Micro Needling Guide
The skin is the body’s protective armour, and it has the unique ability to repair and regenerate itself. Every 2-3 weeks, it produces new cells that rebuild the epidermis layer, which simultaneously repairs any superficial wounds and blemishes. However, as we age, this regeneration process slows down, resulting in poor skin elasticity, wrinkles, and a dry, uneven texture. Blemishes and stretch marks also become more apparent.
However, dermaroller treatments, or ‘skin needling’ as it is known, reboots the regeneration process, producing more collagen and in turn, reducing fine lines and wrinkles. It does this by pricking the skin with tiny micro-medical needles, causing it to react as it would do to an injury. The pricking stimulates the regeneration and repair process, which leaves the skin looking smoother, younger and clearer.
This treatment is most commonly performed with a dermaroller – a small instrument that resembles a miniature paint roller with micro needles, or a derma stamp, which has a flat platform with micro needles on the end.
The roller and the stamp offer unique benefits: the roller is excellent for covering a large surface area, while the stamp is more precise on isolated patches of skin.
Which target areas respond well to dermaroller treatments?
Dermarollers are commonly used to treat:
- fine lines and wrinkles
- crow’s feet
- stretch marks
- dry skin
- uneven complexion
- hair loss
- sun damaged skin
- old skin injuries.
Who is a good candidate for dermaroller treatments?
Because the treatment is non-invasive and non-ablative, it is generally considered safe for all skin tones and most skin types.
Who is a bad candidate for dermaroller treatments?
The treatment should be avoided if you have:
- open wounds, cuts or abrasions on the area you wish to be treated
- had radiation treatment within the last 12 months
- a cold sore or any other infection in the area you wish to be treated
- areas of the skin that are numb or lack sensation
- a history of keloid or hypertrophic scarring
- a history of poor wound healing
- active skin infections, such as psoriasis, rosacea and eczema
- raised moles or warts.
Derma rollers should not be used under the eyes (tear troughs) or on the lips. The skin in these areas is too delicate for the treatment, and must be avoided as much as possible.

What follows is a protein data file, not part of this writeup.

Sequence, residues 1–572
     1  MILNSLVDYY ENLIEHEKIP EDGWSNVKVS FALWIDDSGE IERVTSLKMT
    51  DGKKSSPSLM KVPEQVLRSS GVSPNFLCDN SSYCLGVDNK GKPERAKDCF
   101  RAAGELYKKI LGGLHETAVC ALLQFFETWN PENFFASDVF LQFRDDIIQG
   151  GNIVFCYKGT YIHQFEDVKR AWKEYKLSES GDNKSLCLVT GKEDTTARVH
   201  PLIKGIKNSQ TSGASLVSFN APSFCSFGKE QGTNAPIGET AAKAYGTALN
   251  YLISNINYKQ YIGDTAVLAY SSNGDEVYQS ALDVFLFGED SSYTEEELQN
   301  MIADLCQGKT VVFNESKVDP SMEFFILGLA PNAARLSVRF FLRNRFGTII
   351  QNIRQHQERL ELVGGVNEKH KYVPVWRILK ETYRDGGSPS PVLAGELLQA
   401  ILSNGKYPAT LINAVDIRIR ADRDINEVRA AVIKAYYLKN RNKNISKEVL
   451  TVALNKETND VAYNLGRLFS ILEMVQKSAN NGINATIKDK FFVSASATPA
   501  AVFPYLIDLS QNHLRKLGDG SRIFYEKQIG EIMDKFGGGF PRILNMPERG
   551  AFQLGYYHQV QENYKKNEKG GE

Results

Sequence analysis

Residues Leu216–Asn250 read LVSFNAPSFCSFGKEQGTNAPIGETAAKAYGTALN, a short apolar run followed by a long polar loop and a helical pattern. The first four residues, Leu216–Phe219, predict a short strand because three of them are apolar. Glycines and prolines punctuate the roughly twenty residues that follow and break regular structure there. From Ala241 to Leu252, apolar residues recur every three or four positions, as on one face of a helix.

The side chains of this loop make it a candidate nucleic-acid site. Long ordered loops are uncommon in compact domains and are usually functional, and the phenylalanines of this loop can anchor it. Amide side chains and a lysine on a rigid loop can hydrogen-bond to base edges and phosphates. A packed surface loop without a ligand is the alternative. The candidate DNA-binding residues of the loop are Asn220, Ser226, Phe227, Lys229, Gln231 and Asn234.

Who can perform dermaroller treatments?
Some derma roller manufacturers recommend that only medical professionals and trained therapists use their products, to increase the chances of a safer, more successful result. But there are a number of home-use derma rollers currently on the market, which allow consumers to perform the treatment at their leisure. This is a very cost-effective method, and it allows the user to repeat the treatment as little or often as they like. But as with any cosmetic treatment, conducting it without professional training can expose the user to a small amount of risk, particularly when using the longer needle lengths.
Alternatives to dermaroller treatments
- Chemical peel
- LED light therapy
- Brow lift
- Face lift
How do I choose the best practitioner?
Because of the sheer number of clinics that now perform dermaroller treatments, it is important to conduct thorough research to find the best one before making any final decisions. To minimise the risk of complications, it is best to choose a practitioner who is fully qualified, and has treated numerous ailments like yours.
What should I ask during my consultation?
The consultation is a very important part of the decision-making process. It is where you decide whether you like the practitioner, and whether they are experienced enough to achieve the results you’re hoping for, so don’t be afraid to ask some detailed questions. Some useful ones are:
- How many dermaroller procedures do you perform each year?
- How many have you performed in total?
- Do you think the derma roller is the best treatment for me?
- Which needle length would you recommend for me?
- What is your rate of complications, and what were those complications?
- How did you resolve them?
- Can you gage how much discomfort I’m likely to experience during and after the procedure?
- How long do I need to wait between treatments?
- How many treatments do you think I’ll need?
What are the various needle lengths for?
- 0.25mm – for increased absorption of skin care products and overall improvement of skin tone and texture.
- 0.5mm – for wrinkles, first signs of ageing, mild acne scarring, mild chicken pox or ice pick scars, and thinning hair.
- 1.0mm, 1.5mm – for stretch marks, deeper scars and the appearance of cellulite.
- 2.0mm, 2.5mm, 3.0mm – (not recommended for the face) for extensive scarring, deep wrinkles, badly damaged skin.
How do I prepare for the procedure?
A few weeks prior to the treatment, the practitioner may ask you to use vitamin A and C creams to aid the healthy production of new collagen and encourage skin recovery.
Before you start the first derma roller treatment, you will need to purchase:
- A dermaroller of an appropriate needle length.
- Treatment creams or oils depending on what skin condition you are treating. Do ensure your chosen product is safe to use with a derma roller. Oils enriched with vitamin E, like argan (Moroccan) oil, pure vitamin E oil and Bio Oil are particularly popular because of their restorative properties.
- Numbing cream. You generally only need this if the needles are longer than 0.5mm. EMLA 5% is commonly used for home treatments, as is topical lidocaine cream.